My guess is that they won’t dare touch it as they would most likely lose and they don’t want to be absolutely bound by that.

Their approach over recent years has been to simply reduce the number of overpayment decisions which can be appealed.

Ianb
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Thanks all - I completely missed the fact it’s a NI case. Perhaps there will be future mainland developments in the future.

Stainsby
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Its not binding but I would still use it to back up my argument

Hinchy was not a unanimous decision and I have successfully used the argument that the Supreme Court would be unlikely to make the same decision today given the advances in technology and that the DWP may no longer be giving clear instructions to claimants as to who to report changes to, and the method by which to do so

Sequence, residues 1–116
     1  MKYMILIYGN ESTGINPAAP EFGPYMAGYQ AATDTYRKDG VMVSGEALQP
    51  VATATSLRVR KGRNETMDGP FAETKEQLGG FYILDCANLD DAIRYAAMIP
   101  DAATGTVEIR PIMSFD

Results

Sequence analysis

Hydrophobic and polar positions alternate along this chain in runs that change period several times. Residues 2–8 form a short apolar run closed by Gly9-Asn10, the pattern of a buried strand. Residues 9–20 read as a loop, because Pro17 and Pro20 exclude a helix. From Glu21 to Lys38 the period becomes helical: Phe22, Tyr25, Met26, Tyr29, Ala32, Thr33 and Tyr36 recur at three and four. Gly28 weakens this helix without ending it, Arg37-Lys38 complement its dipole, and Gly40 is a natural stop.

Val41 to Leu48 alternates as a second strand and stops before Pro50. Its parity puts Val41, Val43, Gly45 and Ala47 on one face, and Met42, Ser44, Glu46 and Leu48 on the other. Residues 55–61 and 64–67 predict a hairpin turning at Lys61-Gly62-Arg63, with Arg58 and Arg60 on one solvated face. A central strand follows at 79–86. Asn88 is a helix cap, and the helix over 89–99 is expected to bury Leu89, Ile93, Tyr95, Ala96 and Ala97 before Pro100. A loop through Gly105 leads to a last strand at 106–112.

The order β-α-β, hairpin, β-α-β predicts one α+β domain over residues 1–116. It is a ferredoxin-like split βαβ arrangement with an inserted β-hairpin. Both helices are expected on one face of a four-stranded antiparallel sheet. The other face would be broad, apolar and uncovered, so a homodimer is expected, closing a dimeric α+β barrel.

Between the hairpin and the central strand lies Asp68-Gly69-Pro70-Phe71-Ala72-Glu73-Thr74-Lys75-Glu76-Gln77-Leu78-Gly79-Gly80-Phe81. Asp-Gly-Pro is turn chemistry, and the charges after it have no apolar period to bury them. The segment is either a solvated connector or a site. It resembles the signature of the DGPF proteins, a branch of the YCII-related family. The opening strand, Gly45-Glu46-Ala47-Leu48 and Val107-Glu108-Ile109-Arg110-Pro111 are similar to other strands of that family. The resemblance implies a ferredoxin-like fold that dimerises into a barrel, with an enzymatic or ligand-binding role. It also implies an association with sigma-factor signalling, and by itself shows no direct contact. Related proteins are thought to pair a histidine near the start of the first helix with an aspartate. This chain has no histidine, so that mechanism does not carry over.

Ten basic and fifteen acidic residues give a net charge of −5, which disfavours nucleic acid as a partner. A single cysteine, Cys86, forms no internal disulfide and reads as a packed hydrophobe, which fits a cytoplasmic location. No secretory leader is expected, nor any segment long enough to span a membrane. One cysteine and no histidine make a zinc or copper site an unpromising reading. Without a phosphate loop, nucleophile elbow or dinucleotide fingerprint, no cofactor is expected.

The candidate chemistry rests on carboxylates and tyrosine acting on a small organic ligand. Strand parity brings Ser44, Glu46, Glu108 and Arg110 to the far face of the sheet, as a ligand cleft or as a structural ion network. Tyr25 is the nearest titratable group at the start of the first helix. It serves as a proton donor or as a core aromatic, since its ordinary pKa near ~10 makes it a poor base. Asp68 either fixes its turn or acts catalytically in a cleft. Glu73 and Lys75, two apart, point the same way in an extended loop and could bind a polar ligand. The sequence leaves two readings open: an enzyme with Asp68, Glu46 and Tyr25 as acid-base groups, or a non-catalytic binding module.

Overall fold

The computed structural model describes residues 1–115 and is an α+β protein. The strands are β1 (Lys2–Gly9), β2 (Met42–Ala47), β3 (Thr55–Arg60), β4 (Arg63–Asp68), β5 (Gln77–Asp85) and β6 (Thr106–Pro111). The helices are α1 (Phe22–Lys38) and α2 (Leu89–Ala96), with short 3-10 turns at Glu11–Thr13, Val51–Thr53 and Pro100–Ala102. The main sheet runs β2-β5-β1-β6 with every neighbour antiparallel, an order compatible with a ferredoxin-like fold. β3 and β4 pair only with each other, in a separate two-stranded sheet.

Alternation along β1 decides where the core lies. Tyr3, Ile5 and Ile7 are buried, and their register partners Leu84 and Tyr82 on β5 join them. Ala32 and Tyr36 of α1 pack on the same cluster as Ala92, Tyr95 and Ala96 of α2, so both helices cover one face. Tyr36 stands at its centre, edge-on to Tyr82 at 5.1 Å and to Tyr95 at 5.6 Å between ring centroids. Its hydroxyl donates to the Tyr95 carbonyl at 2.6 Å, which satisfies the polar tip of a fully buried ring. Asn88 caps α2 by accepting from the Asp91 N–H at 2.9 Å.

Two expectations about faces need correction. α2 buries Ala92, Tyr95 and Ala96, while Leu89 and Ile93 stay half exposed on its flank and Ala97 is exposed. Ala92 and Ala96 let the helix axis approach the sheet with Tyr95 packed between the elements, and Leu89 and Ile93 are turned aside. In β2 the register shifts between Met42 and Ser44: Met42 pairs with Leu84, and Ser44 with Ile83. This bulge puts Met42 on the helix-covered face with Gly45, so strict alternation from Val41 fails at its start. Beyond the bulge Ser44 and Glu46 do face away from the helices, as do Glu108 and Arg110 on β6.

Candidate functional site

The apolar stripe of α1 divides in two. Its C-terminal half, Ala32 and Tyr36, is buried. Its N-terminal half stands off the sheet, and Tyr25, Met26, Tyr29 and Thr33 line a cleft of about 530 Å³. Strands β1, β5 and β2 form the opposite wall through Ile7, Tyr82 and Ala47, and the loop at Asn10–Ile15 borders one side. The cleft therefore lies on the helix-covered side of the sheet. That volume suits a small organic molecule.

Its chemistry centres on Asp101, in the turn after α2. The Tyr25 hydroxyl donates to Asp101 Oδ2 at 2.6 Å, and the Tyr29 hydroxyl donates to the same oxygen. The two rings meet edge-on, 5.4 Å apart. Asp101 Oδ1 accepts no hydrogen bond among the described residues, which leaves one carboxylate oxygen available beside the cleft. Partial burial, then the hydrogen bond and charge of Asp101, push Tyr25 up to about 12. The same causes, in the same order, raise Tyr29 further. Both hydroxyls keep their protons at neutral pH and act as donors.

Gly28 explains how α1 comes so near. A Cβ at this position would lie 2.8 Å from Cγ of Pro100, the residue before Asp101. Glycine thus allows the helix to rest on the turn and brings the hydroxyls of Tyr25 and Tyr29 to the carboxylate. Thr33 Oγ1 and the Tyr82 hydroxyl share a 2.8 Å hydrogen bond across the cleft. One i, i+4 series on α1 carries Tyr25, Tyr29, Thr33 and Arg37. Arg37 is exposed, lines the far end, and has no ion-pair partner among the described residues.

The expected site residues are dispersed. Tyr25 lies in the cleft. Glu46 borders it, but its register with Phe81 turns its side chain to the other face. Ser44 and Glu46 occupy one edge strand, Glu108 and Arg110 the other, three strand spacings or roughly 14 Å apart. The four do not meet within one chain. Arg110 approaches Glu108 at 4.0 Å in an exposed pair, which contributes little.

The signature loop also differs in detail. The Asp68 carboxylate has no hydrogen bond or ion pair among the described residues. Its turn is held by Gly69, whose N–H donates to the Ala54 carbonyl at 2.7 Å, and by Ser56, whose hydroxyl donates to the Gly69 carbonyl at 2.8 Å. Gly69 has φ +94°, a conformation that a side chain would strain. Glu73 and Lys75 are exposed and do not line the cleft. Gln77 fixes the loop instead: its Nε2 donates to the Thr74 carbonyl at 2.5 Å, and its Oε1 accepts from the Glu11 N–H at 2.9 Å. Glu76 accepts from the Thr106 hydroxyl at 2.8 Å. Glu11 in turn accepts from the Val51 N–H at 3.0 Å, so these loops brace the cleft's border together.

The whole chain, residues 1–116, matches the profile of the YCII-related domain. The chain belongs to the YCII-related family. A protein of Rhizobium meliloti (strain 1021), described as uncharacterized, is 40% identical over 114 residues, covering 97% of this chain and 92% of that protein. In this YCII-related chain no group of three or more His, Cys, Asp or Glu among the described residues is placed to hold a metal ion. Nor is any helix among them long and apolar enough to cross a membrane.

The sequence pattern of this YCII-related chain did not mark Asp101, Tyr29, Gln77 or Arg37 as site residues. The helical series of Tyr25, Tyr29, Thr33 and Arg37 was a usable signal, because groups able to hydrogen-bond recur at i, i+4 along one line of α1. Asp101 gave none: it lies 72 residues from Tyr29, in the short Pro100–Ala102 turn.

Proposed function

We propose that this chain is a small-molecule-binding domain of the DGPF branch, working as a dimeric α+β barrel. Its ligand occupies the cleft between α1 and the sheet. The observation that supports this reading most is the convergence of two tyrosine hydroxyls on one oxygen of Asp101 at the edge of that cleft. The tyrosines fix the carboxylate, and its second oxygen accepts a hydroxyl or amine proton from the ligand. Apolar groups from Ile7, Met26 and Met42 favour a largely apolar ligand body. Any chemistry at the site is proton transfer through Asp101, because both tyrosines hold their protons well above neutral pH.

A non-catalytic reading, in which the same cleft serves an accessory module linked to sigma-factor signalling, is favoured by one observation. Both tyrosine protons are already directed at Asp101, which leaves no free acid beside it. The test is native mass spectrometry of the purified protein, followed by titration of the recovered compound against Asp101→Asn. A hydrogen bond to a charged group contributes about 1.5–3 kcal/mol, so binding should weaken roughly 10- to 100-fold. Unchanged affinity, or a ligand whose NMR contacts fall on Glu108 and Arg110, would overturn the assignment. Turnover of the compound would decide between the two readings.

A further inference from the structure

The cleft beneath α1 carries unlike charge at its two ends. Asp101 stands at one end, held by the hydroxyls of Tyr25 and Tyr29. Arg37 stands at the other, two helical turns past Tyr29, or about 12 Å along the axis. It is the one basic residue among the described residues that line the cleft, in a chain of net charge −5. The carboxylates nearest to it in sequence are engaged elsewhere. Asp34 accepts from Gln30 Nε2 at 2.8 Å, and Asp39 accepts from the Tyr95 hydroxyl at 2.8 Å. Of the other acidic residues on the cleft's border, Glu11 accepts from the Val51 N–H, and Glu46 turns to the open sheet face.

There are a number of mainland UK decisions, (admittedly made in different contexts ) which whilst not holding that Hinchy is no longer good law have to an extent been pointing in that way.

Examples I can give are Hooper v SOS (Court of Appeal) (reported as R(IB)2/07),CH/3208/2008 and PPE v SSWP (ESA)  [2020] UKUT 59 (AAC)

shawn mach
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nevip
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I agree with others that Hinchy remains binding on English courts and tribunals and the NI decision does not displace that.  However, one cannot just leave the matter there.  S71 of the Admin Act states that the overpayment must be “in consequence of” the failure to disclose the relevant material fact. 

In other words, the issue of causation must be considered on a case by case basis.  The HoL in Hinchy didn’t get to grips with this.  It didn’t need to, as the CoA had already determined that there was no evidence (for whatever reason) that the DLA section had notified the IS section (by way of its card index) of the cessation of Ms Hinchy’s DLA.  And, as the HoL clearly pointed out, the statutory duty to disclose still rested upon the claimant and found that adequate disclosure to ‘the proper person’ had not in fact been made.  These two things taken together is why Ms Hinchy’s case failed.